Spring Break Books – “like a pirate”; Teach via @burgessdave & Learn via @PaulSolarz

In 2012ish I stumbled upon Dave Burgess on twitter and his #tlap ideology (Teach Like A Pirate) – I loved his tweets, the chats and found a like-minded educator in engaging students in the learning process. I have shared my copy “Teach Like A Pirate” with a few others and encouraged several others to get it http://www.amazon.ca/Teach-Like-Pirate-Engagement-Creativity/dp/0988217600/ref=sr_1_1?ie=UTF8&qid=1427326179&sr=8-1&keywords=teach+like+a+pirate

He provides a variety of tactics (or hooks) to connect and enhance the teacher-student relationship – which I have experienced as being particularly important in the learning process.

Like pirates, chances have to be taken. Failures will occur. That’s all okay as it’s part of the learning process. And while there’s no “one way” that is best (gotta fit your style as an educator/pirate) there are some ideas that will enhance the experience – as Dave says: When in doubt, take action” – in my classroom our saying was “When you don’t know what to do – do something!”


P – have passion for what you are doing

I – immerse yourself into the learning moments that are occuring

R – have good – no great rapport with your students

A – ask and analyze – aka use descriptive feedback

T – transform expectations of what is possible in a learning environment!

E – above all, have enthusiasm for what is happening!

Paul Solarz just published “Learn Like A Pirate” this spring break: http://www.amazon.ca/Learn-Like-PIRATE-Students-Collaborate-ebook/dp/B00UZTLRJY/ref=sr_1_sc_1?ie=UTF8&qid=1427327178&sr=8-1-spell&keywords=learn+like+apirate

a great “follow up” to the work that Dave set sail with! Paul is able to take the reader on a journey into his student-led learning environment!

Setting up the conditions for students to have ownership – of the environment as well as the elements of what is being learned! Embracing the loudness that sometimes comes up in community-learning – but also supporting those that need a bit of silence.

Is it easy? No – but if teaching was, everyone would do it! I will admit that many (not all – yet) of the examples Paul provides mirror my own classroom successes – where students who previously struggled, started to experience success – often with the ‘troubles’ coming up during ‘unstructured time’ (recess & transitions).

Paul illustrates the steps to student leadership in classrooms as:

P – Peer Collaboration

I – Improvement Focus vs Grade Focus

R – Responsibility

A – Active Learning

T – Twenty-first Century Skills Focus

E – Empowerment

My experience has mirrored Paul’s – allowing students to work together (which ‘we’ often do very well in many subjects – less so in math….?) has a huge benefit – I have been able to see students ‘step up’ and help teach others a concept faster than I could – and reinforce to me that ‘they got it’ (even when they couldn’t show that same skill in a more traditional ‘test’)

Our schools work on eportfolios mirrors Paul’s experiences with focusing on improvement vs grades – It has been nearly a decade since I put a score/ letter grade/ %/ etc on a students work – I have focused on descriptive feedback and had a few conversations with students (and adults) who feel they better know how they are doing with a score: “okay – you have an 8/10 – what do you need to do better on?” the first three suggestions the student gave me were enhancing things that they already did flawlessly….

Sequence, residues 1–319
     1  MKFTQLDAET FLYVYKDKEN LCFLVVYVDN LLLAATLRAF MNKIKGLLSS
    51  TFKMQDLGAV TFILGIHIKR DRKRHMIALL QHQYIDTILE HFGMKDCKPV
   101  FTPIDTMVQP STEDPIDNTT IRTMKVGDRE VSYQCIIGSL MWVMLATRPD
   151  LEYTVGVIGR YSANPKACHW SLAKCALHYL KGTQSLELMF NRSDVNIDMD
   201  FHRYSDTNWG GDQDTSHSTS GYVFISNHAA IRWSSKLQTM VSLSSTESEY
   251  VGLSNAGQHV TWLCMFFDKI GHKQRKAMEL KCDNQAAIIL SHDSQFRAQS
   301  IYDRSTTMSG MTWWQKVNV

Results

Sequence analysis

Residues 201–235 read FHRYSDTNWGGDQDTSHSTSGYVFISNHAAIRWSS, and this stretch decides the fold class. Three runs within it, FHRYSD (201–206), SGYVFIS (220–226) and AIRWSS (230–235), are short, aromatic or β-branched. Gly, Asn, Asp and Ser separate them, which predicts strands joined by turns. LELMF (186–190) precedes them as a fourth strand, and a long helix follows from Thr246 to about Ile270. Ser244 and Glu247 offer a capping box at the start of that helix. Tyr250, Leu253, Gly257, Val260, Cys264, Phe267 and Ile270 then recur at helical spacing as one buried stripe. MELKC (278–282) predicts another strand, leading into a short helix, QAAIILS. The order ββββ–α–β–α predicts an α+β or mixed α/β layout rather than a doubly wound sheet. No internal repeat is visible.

Responsibility is key in classrooms – as principal, I have 3 guiding words for our learning community – be safe, respectful and responsible. Students do well when they have responsibility – I see this both from my school office, and in my classroom during my teaching time – and this component has not changed since I was a student….

Active Learning can be amazing – Paul talks about Passion Projects & hands on learning – which both provide authentic learning experiences and provide much more long-term remembering! I struggled with spelling lists that students would memorize for the week and then never spell correctly again…. I found that our SOLE (Self Organized Learning Environments https://technolandy.wordpress.com/soles/ ) study of the human body had students more engaged and remembering so much more than any text focused resources I had (mis-)used previously.

21st Century Skills may get some eye rolls – but they are essential. In BC we are referring to them as key competencies such as (but not limited to): Communicating, Collaborating, Creative Thinking, Critical Thinking, Change & Adaptability, metaCognition, Curiosity (risk-taking) are just 7 of the Cs to explore (get it “7 seas”)

Empowerment – as a principal, it works well for the adults and the students in the learning community. I believe Paul’s use of the quote by Joss Whedon “Recognizing power in another does not diminish your own” nicely parallels my belief in building leadership capacity


Both books are easy to read – but also cause a lot of deep thinking as well. Why do we do what we do in our learning environments? Is it good to have a few pirates on school staffs – I certainly hope so – because in reflection, I think I have been one! Am I still? Well – that’s for my learning community to comment on…!


About technolandy

Principaling on the Pacific in Powell River BC Pushing 'technologization' in education: blending technology and curriculum seamlessly. Advocate for better understanding of Anxiety in Education (and use of self-regulation) Utilizing ePortfolios & Descriptive Feedback to personalize learning!
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